Sips with zip

Health and energy drinks are flooding the beverage market.

July 27, 2005|By Elizabeth Large | Elizabeth Large,SUN STAFF

It used to be eight glasses of water a day was enough. Now drinking for good health has gotten a lot more complicated.

In the past few years, cold beverages have been the hottest sales category of any specialty foods, according to Specialty Food magazine. Between 2002 and 2004, sales of these New Age drinks jumped almost 40 percent. Last year alone, a staggering 1,020 new alternatives to traditional sodas were introduced.

That's a lot of enhanced water beverages, energy drinks, flavored teas and specialty sodas.

Coke and Pepsi, of course, still dominate. According to the Washington-based trade group American Beverage Association, people in this country drink on average more than 50 gallons of soda pop a year. About 70 percent of that is Coke or Pepsi.

But the boutique bottlers have found their niche. They offer - or at the very least say they offer - a more healthful alternative to the soft-drink giants, some with a bit of nostalgia thrown in.

"I don't drink anything with high-fructose corn syrup or citric acid in it [common ingredients in traditional cola]," says Jamie Isenberg, a 21-year-old student at the Maryland Institute College of Art. "They dehydrate you."

While her science may be open to question, the sentiment isn't. American consumers have become ingredient-conscious. They look on the back of the can or bottle to see what's inside. If there are too many things they can't pronounce or have never heard of (like phosphoric acid or potassium benzoate, two ingredients in Diet Pepsi) they may put it right back on the shelf.

Pamela Macht doesn't drink soda herself, but she's in Whole Foods stocking up on Izze for her husband and 10-year-old son. She could do ads for the popular "alternative natural beverage."

"It's the perfect combination of sparkling water and real fruit juice," she says enthusiastically, "but it's not too sweet. I stop in here every few days and pick some more up. My husband said maybe I should call someone and have it delivered."

Izze was introduced in 2003. It's a combination of fruit juice and carbonated water in flavors like clementine, blueberry, blackberry, grapefruit, lemon and pear. While it doesn't have added sugar or artificial ingredients, it is worth noting that the Sparkling Clementine contains white grape, orange, apple and tangerine juice concentrates - about 150 calories worth in an 8-ounce bottle.

The point isn't that there's anything wrong with Izze. There isn't. It's light and refreshing, and probably better for you than traditional soda if you don't mind the calories. The bottle is certainly prettier than a Coke can. You feel as if you've gotten something special for your beverage dollar. But sometimes New Age drinks promise more than they may be able to deliver.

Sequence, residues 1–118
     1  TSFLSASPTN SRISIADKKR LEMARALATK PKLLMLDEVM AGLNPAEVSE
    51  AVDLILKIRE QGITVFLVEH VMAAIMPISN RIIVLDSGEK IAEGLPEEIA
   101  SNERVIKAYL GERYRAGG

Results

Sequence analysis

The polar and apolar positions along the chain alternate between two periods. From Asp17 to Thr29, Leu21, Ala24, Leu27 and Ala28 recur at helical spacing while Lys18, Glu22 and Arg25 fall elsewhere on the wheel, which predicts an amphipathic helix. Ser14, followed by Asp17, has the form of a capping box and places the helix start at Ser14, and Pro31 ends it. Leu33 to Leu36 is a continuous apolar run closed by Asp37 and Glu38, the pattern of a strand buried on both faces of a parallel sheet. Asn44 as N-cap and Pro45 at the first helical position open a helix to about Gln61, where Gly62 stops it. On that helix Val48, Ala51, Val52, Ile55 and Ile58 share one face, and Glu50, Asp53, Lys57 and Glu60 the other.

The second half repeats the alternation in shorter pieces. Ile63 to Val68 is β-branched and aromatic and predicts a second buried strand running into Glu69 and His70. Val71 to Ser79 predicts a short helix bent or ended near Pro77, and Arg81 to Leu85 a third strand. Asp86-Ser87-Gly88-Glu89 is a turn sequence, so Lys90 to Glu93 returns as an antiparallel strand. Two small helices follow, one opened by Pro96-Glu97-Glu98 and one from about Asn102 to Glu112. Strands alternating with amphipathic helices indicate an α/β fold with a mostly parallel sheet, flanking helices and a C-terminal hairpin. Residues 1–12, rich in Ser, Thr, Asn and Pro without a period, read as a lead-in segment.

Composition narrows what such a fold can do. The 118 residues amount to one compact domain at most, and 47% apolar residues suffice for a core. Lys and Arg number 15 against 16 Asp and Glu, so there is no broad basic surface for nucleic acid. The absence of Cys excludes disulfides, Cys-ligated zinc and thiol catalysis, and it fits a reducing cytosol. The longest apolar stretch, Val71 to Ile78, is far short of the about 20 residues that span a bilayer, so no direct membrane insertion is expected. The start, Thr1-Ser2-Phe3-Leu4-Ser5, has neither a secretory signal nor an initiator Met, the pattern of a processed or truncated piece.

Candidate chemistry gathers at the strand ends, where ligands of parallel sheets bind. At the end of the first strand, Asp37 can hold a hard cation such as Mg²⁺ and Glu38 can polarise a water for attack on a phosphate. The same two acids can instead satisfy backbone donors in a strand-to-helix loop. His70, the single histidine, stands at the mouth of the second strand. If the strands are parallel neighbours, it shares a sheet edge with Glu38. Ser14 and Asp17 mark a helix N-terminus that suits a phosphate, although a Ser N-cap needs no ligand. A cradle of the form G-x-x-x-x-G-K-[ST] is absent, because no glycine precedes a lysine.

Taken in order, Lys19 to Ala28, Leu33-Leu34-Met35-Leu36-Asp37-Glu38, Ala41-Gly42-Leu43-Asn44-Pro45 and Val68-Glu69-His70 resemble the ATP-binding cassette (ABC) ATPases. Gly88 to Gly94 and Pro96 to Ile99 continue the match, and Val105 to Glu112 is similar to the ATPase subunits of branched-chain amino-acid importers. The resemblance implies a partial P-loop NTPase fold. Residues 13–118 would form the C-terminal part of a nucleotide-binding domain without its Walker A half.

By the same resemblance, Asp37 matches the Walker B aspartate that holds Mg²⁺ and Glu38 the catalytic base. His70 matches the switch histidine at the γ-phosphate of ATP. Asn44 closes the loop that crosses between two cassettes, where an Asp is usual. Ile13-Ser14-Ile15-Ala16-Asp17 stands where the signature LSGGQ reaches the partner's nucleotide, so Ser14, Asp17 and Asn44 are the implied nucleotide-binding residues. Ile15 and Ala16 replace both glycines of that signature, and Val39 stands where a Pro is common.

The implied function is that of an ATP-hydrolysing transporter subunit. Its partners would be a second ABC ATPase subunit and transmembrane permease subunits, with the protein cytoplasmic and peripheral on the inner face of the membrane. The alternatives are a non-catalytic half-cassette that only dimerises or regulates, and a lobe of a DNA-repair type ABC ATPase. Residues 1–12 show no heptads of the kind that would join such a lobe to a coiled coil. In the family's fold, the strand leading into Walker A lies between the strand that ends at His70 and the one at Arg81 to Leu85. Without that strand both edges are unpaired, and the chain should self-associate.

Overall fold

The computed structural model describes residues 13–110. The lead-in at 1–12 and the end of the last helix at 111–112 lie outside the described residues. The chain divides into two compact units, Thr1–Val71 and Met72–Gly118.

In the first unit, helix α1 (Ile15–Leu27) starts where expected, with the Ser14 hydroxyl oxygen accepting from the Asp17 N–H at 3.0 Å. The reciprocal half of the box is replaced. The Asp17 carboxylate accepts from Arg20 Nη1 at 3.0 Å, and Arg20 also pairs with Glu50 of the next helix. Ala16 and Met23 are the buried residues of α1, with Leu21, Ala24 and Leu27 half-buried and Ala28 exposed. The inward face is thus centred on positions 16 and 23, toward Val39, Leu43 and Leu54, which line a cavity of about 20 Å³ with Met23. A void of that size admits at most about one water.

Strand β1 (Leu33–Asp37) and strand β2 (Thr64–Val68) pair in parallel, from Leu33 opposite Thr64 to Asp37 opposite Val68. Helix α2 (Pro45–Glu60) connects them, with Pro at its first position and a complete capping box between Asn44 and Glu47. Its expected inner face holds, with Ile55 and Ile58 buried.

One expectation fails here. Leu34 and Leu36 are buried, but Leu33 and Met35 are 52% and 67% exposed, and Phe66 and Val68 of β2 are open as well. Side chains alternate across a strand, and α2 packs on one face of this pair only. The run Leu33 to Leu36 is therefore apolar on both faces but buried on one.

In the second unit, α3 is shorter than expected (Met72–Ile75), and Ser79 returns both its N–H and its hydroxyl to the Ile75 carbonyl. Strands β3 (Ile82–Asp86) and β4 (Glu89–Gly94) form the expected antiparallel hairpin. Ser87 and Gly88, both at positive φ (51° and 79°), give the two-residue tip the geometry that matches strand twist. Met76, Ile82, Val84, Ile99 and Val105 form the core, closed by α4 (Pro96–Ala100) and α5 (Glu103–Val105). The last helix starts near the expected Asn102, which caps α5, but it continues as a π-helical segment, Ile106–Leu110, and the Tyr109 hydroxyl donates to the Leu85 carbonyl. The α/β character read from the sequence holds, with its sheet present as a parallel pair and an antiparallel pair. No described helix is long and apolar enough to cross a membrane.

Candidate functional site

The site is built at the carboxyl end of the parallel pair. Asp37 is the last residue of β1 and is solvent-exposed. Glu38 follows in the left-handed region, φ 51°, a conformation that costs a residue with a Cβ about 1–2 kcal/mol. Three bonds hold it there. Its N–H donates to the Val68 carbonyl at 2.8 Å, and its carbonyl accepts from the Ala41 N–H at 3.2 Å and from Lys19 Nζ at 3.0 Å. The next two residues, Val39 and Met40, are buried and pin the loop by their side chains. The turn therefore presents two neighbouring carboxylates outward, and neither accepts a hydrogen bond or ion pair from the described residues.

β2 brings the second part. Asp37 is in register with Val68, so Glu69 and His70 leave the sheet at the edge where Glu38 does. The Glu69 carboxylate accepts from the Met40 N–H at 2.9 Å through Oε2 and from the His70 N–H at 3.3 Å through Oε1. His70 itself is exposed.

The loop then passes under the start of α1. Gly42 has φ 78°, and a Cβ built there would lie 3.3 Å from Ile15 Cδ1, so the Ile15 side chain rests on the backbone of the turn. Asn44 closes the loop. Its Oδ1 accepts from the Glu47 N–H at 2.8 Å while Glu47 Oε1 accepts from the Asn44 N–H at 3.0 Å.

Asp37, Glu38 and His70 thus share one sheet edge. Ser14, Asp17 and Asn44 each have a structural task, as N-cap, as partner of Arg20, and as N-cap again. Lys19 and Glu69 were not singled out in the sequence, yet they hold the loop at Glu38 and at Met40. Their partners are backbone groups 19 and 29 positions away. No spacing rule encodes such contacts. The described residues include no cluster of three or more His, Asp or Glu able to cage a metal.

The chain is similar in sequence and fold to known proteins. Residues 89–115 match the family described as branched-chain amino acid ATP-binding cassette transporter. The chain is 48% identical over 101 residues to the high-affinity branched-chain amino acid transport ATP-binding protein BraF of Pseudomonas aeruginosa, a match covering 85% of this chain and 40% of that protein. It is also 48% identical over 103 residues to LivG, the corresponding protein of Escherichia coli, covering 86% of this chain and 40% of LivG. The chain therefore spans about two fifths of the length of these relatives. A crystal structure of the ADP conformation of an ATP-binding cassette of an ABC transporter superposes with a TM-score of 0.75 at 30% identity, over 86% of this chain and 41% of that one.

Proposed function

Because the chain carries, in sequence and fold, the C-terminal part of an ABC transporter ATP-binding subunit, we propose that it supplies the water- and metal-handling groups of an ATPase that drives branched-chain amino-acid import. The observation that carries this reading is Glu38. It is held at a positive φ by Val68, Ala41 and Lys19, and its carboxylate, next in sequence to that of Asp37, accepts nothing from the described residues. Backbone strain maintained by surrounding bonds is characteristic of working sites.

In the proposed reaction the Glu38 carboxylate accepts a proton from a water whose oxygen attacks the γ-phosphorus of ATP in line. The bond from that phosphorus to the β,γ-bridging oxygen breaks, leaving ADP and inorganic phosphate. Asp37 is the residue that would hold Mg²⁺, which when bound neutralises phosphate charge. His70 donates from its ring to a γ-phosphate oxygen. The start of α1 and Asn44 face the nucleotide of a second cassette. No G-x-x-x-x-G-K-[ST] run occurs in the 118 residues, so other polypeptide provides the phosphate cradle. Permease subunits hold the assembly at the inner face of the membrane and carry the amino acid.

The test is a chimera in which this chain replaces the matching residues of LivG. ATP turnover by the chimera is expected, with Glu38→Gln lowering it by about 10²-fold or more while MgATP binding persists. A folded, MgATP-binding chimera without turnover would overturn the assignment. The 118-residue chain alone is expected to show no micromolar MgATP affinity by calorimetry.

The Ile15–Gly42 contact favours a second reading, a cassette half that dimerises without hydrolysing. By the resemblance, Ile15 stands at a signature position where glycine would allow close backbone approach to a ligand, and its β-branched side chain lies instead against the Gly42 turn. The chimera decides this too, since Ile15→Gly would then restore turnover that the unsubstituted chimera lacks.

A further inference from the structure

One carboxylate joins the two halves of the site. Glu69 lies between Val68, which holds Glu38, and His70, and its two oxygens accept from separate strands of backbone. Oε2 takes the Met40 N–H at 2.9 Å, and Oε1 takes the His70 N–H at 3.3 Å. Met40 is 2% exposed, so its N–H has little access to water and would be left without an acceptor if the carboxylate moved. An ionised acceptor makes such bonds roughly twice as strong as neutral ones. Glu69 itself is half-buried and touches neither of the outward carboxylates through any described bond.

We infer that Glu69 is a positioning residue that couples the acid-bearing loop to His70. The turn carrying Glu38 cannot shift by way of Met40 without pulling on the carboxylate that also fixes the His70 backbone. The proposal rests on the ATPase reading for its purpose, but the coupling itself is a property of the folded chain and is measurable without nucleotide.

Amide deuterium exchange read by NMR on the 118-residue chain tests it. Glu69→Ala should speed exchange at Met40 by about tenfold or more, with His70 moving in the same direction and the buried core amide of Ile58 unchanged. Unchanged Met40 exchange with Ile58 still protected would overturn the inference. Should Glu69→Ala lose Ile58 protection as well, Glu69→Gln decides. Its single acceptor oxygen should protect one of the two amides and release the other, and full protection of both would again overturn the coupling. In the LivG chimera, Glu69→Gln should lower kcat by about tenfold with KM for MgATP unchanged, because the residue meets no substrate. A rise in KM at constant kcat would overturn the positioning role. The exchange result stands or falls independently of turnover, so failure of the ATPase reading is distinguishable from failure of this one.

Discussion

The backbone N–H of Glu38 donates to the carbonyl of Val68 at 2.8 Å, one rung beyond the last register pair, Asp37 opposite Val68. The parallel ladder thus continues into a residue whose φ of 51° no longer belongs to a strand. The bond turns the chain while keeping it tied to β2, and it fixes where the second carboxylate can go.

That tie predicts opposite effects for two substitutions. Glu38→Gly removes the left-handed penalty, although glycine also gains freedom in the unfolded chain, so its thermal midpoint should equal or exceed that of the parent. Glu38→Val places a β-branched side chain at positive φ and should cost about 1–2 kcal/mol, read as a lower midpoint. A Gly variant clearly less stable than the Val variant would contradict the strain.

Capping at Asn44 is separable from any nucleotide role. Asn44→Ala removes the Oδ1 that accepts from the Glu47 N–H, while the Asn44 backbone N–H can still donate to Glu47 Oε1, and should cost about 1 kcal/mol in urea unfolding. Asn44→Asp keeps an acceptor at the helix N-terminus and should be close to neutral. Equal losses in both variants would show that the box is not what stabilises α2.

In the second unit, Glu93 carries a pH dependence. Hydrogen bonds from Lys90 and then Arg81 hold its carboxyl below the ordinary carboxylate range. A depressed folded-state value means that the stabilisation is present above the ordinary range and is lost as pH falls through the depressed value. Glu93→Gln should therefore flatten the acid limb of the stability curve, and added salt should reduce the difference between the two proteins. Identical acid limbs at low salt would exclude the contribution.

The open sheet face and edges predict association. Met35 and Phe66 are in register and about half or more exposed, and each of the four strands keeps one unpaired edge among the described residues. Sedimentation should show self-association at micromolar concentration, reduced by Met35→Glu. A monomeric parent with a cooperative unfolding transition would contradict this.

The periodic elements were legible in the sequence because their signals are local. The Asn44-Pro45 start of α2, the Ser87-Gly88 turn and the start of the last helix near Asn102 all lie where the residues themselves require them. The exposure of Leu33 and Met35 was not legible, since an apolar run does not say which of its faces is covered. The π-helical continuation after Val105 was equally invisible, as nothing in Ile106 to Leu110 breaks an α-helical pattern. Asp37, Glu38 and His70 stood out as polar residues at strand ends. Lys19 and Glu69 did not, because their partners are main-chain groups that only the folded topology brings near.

Artisan bottlers have jumped into the beverage wars with both feet, not just subtracting "bad" things like calories, carbs and caffeine, but adding vitamins, herbal supplements, natural flavors and pure fruit juices.

Their products have hip names like the Switch, Fizzy Lizzy, Oop! Juice (a carbonated drink, not fruit juice) and GuS (which stands for Grown-Up Soda). The packaging usually has a highly designed, decidedly uncola look, and the labels often feature cleverer-than-thou quips.

"The inside is natural, the outside is plastic," Glaceau Vitamin Water's label says.

The good-for-you trend has resulted in such products as Fuze's Diet Orange Ginger Green Tea, which is infused (yes, pun intended) with antioxidants that the company says are equal to three servings of vegetables, plus six vitamins and none of that "bad" high-fructose corn syrup.

"People, instead of buying their Diet Coke, are looking for products that are more distinctive," says Ron Tanner, editor of Specialty Food magazine. He sees two main factors driving the New Age drinks craze. "People are looking for healthier things to drink, and nostalgia. People want a soda they remember from childhood."

In the last century, a lot of the small soda bottlers got knocked out of the marketplace by the giants. Now they're back. Customers are responding well, beverage experts say, to classic brands like Original Stewart's, which comes in flavors such as old-fashioned grape, cream soda and root beer. They are bottled in glass with a metal cap that can only be removed with a church key. Bottled lemonade also falls in this category.

Through the haze of nostalgia, customers perceive these drinks as somehow purer, with more natural flavors and fewer strange ingredients and preservatives. Many are made with cane sugar instead of high-fructose corn syrup, for instance. Research is inconclusive about the benefits of sugar over corn syrup, but that doesn't prevent manufacturers from praising its virtues.

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